The man who, along with his wife, allegedly fatally shot two Las Vegas police officers yesterday, before she shot a legally-armed private citizen who tried to intervene, apparently has a criminal history in Benton County dating back to 2000-2002, the Las Vegas Review Journal is reporting today.
Jerad Dwain Miller and his wife, Amanda, simultaneously gunned down officers Alyn Beck and Igor Soldo in a pizza restaurant in Las Vegas. The couple then went across the parking lot into a Walmart where Jerad was confronted by 31-year-old Joseph Robert Wilcox, who was legally armed.
Wilcox was apparently shot from behind by Amanda Miller after Wilcox confronted her husband. The newspaper reported that Amanda was “pushing a shopping cart” as she entered a Wal-Mart near where the Millers had just fatally shot both officers on their lunch break in a pizza restaurant. The Las Vegas Review Journal reported that Wilcox was described by an unidentified police official as “a hero” who “was trying to stop an active shooter.”
The emerging profile of both suspects is that they were anti-government extremists who had, according to accounts on Fox News and ABC had talked about their plans to kill police officers. They reportedly also had problems in Indiana before moving to Nevada to participate in the Bundy Ranch standoff earlier this year. They had “strong anti-government views” and had reportedly been interviewed by federal officers after threatening to shoot up an office of the Indiana Department of Motor Vehicles.
But it is Jerad Miller’s misadventures with the law in Benton County that suggest as far back as his late teens, he was a troublemaker. The newspaper is reporting that Benton County court records show convictions in 2000 for third-degree malicious mischief, in February 2001 for third-degree theft, and in June 2001 for third-degree malicious mischief.
Also in 2001, the newspaper reported, he was convicted of “taking a motor vehicle without permission,” and harassment. This was in Benton County Superior Court. In April 2002, he was reportedly convicted of assault, and in August of that year, he was convicted of obstructing a public officer and DUI.
But his troubles didn’t stop there. According to today’s Lafayette, Ind., Journal & Courier. That newspaper quoted Tippecanoe County jail records to reveal that in June 2007, Jerad Miller was booked on preliminary charges that included possession of marijuana and drug paraphernalia. In October he was arrested, apparently on a bail violation and taken to jail, and the following month he pleaded guilty to criminal recklessness, which is a Class D felony in Indiana. He pulled a suspended sentence and went for counseling.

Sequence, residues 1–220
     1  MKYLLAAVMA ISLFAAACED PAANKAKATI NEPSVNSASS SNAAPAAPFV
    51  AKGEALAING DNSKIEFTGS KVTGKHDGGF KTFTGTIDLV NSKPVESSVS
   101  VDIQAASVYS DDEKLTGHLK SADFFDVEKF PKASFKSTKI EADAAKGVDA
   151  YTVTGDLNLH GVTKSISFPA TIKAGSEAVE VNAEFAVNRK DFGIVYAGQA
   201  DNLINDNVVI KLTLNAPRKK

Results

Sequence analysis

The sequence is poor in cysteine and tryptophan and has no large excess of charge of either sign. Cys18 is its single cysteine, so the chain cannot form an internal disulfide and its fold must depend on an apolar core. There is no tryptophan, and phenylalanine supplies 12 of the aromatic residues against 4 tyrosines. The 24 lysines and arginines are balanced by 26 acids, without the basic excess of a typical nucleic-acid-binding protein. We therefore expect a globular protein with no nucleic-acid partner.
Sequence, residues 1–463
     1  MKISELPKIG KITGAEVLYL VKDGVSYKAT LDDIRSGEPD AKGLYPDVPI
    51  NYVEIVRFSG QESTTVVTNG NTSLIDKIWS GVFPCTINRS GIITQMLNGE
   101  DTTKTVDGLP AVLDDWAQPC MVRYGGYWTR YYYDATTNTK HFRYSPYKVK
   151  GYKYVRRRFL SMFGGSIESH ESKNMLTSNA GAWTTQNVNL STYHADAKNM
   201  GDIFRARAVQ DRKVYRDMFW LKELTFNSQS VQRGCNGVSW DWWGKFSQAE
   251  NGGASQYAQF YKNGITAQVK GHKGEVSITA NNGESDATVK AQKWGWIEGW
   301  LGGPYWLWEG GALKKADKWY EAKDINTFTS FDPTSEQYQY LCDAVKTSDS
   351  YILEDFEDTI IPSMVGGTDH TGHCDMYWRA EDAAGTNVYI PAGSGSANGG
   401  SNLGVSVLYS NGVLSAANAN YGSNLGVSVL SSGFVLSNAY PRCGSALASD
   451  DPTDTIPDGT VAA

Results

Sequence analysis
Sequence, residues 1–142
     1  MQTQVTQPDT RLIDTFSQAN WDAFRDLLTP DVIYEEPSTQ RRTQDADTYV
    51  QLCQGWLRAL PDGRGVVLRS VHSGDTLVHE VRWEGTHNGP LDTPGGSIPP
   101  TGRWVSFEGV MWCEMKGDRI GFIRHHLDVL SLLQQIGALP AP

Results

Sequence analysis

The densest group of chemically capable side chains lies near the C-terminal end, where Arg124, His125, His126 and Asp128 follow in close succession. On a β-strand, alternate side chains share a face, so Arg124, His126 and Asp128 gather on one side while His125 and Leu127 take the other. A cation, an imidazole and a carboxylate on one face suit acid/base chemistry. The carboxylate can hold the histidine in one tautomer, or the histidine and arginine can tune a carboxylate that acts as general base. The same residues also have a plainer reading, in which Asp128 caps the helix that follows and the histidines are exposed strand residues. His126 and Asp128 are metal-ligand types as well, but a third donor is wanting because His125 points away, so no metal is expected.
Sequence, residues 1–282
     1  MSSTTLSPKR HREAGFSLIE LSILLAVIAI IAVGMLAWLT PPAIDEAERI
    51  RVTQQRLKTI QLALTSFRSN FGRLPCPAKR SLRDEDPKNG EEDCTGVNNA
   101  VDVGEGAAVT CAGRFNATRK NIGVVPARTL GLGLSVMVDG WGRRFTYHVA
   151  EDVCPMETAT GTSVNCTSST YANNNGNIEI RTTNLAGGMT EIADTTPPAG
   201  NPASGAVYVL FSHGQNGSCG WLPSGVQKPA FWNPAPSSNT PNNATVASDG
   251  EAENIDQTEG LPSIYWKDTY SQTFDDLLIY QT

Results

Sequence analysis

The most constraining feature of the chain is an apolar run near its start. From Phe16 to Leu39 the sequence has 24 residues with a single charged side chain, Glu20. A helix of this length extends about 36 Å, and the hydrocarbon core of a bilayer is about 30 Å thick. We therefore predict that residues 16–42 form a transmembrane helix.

The counseling didn’t take, apparently. In March 2009 he was arrested and subsequently charged with misdemeanor battery, the Journal & Courier reported, but he was acquitted by a jury the following September.
In late November 2010, he was arrested for allegedly dealing and possessing marijuana, and the following February he was in jail, allegedly for “strangulation battery.” In March of last year, he was arrested on a warrant in Dearborn County, the newspaper added.
Amanda Miller, on the other hand, apparently has no criminal record. She will not be facing charges for yesterday’s events because both she and Jerad are dead, apparently by their own hands. Wilcox apparently did not get off a shot at Miller before he was gunned down.
The Millers headed west in January after having apparently sold all of their belongings to make the trip. But, the Las Vegas newspaper noted, when they tried to hook up with other activists at the Bundy Ranch standoff, “he was shunned…for being a felon.” Felons cannot own or possess firearms.
When they killed the two officers yesterday, the Millers reportedly took their sidearms and spare ammunition. This is the kind of “transfer” that does not involve a "universal background check" because it occurred in the course of a felony crime.
As more details emerge about the shooting, there appears little doubt the suspects were well coordinated in their attacks. What is clear is that Wilcox unselfishly placed himself in harm’s way, perhaps in an attempt to protect other customers in the store, not unlike the hero in last week’s Seattle Pacific University attack, but with an unsuccessful outcome.